Tag Archives: installation

Gravity-Defying Shoes Installed on the Streets of London by Pejac 

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All photos by Gary Van Handley.

For his first ever public intervention in London, street artist Pejac (previously) created four installations of sneakers hanging from lamposts with a slight twist: the shoes dangle up instead of down. The head-scratching installations titled “Downside Up” can be found around East London and are a teaser ahead of a solo show that opens next month.

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56-Foot-Tall Aluminum Honeycomb Structure Responds to the Buzzing of Bees Within London’s Kew Gardens 

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Image by Dacian Groza

Forty-four tons of aluminum was just transported and installed at London’s Kew Gardens, a beehive-inspired structure produced by the artist Wolfgang Buttress in partnership with designer and engineer Tristan Simmonds. “The Hive” was originally built as a centerpiece for the UK Pavilion at the Milan Expo 2015 where it won the gold award for architecture and landscape. The installation both aesthetically and symbolically represents its namesake, aiming to demonstrate to visitors the importance of protecting the honeybee.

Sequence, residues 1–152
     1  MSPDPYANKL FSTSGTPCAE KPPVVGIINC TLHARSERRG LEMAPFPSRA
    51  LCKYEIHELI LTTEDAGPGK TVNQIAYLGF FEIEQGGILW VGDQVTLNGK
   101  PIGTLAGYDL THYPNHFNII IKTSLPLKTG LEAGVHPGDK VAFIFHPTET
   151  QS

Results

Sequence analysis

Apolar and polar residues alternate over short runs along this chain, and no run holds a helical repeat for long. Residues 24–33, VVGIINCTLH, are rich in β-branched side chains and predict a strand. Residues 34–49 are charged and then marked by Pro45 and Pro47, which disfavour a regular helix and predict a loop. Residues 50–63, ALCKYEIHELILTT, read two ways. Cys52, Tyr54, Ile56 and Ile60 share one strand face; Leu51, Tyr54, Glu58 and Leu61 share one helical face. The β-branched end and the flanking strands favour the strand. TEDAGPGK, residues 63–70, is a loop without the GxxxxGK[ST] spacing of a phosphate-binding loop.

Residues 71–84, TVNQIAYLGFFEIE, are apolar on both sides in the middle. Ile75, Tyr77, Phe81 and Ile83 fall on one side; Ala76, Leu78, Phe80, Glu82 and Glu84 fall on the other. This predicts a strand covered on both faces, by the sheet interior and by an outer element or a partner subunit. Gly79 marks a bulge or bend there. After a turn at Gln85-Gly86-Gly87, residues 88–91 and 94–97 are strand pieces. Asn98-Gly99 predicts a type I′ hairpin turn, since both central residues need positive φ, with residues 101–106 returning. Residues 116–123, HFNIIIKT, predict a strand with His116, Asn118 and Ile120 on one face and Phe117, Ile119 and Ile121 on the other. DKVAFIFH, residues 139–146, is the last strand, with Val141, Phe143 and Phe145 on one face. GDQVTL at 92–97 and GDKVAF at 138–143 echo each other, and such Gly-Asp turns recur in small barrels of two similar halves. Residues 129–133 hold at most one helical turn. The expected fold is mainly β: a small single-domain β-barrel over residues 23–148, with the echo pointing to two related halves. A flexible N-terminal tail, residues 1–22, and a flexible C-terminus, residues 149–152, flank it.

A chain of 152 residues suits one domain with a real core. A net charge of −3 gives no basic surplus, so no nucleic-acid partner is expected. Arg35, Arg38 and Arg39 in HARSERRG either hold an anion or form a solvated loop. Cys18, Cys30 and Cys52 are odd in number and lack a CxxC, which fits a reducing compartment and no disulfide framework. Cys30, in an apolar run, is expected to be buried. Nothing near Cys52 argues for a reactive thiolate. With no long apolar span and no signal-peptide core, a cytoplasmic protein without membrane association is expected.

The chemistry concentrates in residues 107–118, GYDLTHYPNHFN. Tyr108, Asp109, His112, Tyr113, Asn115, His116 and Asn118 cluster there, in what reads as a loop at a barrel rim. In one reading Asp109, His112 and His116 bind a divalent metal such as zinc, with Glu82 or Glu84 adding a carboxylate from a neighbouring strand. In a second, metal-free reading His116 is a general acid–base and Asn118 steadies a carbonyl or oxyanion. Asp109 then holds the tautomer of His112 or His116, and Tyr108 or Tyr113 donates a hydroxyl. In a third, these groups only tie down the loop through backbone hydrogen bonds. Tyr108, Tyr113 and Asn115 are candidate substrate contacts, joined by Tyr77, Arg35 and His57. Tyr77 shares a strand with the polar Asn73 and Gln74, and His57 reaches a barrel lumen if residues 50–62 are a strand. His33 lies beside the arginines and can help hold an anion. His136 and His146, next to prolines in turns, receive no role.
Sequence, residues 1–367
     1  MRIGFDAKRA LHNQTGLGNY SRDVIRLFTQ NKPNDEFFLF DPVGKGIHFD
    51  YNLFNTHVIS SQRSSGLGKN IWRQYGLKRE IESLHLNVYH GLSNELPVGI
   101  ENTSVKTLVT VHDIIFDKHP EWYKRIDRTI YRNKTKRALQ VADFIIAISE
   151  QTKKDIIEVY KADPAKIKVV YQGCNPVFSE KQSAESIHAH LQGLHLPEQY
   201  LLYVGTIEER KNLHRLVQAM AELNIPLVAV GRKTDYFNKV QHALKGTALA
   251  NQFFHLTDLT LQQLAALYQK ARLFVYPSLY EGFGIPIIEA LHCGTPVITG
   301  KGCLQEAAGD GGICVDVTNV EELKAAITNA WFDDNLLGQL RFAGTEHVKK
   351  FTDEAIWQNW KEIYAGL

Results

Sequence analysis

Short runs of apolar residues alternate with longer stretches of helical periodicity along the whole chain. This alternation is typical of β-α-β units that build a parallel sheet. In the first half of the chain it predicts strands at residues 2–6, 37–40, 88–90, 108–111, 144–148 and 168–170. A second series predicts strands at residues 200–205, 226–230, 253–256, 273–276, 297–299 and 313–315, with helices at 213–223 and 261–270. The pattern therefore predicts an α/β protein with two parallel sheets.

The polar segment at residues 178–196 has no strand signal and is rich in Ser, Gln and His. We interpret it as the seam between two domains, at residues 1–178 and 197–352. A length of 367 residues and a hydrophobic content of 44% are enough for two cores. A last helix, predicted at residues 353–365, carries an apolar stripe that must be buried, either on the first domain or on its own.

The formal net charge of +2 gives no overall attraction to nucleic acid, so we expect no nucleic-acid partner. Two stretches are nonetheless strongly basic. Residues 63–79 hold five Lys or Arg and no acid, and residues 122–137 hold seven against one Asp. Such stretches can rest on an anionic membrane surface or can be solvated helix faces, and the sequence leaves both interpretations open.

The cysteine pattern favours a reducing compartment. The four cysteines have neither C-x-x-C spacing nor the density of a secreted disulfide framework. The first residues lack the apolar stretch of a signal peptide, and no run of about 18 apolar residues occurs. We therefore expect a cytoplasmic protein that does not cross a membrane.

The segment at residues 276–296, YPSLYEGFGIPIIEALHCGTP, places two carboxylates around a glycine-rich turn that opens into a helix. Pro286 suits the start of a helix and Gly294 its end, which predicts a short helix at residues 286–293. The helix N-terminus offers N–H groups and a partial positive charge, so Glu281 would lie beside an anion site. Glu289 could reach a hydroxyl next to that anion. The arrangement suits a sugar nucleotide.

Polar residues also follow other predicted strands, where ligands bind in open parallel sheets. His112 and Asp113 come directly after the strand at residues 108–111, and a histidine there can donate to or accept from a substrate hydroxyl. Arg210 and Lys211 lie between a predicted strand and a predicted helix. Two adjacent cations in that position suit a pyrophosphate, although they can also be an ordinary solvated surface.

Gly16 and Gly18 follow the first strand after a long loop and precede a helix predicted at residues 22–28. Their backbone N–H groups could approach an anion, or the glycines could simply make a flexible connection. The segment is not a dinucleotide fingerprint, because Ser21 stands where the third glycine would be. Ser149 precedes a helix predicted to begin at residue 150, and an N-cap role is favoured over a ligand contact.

Standing nearly 56-feet-tall the work is located just beyond the gardens’ wildflower meadow, drawing visitors into the structure in the same way worker bees might return back to the hive after a long day of pollinating. In addition to being composed of thousands of pieces of metal, “The Hive” is dotted with hundreds of LED lights that coordinate with a soundtrack of buzzing from within the hive. These elements illuminate and hum in response to real bees housed at Kew, giving visitors a peek into the minute-by-minute energy and mood levels of the gardens’ bees.